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Dumpster Fires, Fishing And Travel: These Republicans Are Sitting Out The RNC

Former President George W. Bush (above); his father, former President George H.W. Bush; and brother Jeb Bush, who ran for president this year, will not be attending this week's Republican National Convention in Cleveland.
Matt Rourke
Former President George W. Bush (above); his father, former President George H.W. Bush; and brother Jeb Bush, who ran for president this year, will not be attending this week's Republican National Convention in Cleveland.

When the Republican National Convention officially gavels into order Monday, some major GOP leaders will be conspicuously absent.

The remaining former GOP presidents and the party's past two Republican nominees are not coming to Cleveland. Neither are some former 2016 GOP presidential candidates. More than 20 senators and several House members, along with a half-dozen Republican governors, won't be here either.

There are various excuses and reasons politicians have given. Many do legitimately need to worry about their own re-election prospects in a year when control of the Senate also hangs in the balance. Texas Gov. Greg Abbott is recovering from major burns after an accident.

But many have been blatant about the reason they won't be in Ohio: They still do not support Donald Trump, who will become the party's official nominee this week.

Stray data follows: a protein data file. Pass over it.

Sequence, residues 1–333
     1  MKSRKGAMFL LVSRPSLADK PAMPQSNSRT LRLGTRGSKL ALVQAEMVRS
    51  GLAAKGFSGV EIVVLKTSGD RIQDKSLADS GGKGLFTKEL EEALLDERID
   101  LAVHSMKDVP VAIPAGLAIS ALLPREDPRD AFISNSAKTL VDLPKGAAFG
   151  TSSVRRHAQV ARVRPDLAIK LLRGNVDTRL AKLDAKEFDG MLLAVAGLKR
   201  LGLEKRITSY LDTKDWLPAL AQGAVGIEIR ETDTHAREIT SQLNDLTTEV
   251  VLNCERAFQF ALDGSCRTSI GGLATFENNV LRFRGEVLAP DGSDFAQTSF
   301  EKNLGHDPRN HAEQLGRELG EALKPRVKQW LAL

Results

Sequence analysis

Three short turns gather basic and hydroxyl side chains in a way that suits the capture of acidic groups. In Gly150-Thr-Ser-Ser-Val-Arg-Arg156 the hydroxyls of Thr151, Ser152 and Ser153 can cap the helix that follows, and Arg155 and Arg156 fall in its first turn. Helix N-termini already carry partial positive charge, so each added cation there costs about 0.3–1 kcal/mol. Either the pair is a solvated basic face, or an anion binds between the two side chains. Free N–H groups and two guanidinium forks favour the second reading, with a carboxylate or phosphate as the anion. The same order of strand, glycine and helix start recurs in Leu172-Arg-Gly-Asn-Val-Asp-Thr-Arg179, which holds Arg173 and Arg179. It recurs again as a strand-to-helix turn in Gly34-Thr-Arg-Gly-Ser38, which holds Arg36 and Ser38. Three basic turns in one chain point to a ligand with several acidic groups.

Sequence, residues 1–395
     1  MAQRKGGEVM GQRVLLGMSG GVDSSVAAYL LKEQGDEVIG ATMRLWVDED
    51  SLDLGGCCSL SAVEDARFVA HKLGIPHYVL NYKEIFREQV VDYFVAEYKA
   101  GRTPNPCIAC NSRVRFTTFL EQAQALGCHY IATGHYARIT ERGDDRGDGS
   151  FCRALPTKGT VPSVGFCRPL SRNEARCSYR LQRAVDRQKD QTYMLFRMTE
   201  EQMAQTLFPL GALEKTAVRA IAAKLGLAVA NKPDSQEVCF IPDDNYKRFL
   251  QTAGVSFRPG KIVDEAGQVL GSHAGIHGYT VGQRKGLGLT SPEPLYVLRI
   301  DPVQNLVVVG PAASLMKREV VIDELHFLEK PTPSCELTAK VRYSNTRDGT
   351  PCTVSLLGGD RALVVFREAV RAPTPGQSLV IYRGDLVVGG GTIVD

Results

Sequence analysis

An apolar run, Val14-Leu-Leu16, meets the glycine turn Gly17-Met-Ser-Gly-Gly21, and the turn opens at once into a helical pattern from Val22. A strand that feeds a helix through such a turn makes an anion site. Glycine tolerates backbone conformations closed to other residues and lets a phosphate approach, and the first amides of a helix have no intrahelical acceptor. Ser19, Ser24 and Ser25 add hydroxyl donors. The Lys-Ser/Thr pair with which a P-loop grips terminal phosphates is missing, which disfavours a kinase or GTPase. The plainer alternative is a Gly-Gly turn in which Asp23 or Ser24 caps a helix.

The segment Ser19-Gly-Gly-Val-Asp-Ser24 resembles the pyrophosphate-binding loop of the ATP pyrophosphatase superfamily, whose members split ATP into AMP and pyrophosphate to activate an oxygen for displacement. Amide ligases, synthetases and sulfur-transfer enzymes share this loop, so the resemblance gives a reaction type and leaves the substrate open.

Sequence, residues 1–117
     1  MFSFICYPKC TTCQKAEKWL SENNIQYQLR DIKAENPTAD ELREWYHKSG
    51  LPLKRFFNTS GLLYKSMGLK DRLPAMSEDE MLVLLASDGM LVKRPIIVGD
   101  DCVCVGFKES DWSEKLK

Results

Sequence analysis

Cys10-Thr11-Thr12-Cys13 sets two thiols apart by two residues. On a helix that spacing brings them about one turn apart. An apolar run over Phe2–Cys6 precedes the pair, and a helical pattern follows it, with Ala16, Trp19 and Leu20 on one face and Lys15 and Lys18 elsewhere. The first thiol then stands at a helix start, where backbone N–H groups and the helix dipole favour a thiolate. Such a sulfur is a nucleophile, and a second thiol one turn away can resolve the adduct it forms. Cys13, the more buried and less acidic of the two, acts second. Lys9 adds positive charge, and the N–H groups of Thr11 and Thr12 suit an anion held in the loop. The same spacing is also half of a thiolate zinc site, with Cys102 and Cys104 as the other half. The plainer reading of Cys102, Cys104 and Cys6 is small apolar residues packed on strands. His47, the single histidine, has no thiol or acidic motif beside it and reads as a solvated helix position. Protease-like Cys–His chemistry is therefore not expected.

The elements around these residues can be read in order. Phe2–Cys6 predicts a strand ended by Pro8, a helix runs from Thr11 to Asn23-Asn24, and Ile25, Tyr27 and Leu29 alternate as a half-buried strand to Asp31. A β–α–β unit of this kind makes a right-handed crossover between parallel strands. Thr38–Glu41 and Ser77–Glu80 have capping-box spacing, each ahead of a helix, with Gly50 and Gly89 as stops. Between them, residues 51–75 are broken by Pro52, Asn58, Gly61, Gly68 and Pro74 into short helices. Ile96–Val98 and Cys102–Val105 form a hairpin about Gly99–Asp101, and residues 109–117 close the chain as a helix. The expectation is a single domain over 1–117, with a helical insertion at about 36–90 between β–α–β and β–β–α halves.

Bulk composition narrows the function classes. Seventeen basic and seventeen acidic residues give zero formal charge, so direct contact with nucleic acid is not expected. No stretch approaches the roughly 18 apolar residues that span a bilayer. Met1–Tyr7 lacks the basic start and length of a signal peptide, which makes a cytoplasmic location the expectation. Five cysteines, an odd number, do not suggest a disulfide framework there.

"Sen. [Ben] Sasse will not be attending the convention and will instead take his kids to watch some dumpster fires across the state, all of which enjoy more popularity than the current front-runners," a spokesman for the Nebraska Republican and frequent Trump critic told The Hill.

Arizona Sen. Jeff Flake, who clashed with Trump in his attempt to mend fences with congressional Republicans earlier this month, has said he will be "mowing my lawn," according to the New York Times. Montana Sen. Steve Daines also told the paper he'll literally be gone fishing (fly fishing, that is).

Ohio Gov. John Kasich, a former Trump rival who hasn't endorsed him yet, will not even attend the RNC in his home state. He will be in Cleveland, but attending breakfasts for several state delegations and speaking to the U.S. Hispanic Chamber of Commerce.

Some lawmakers have planned foreign trips in lieu of the trek to Cleveland.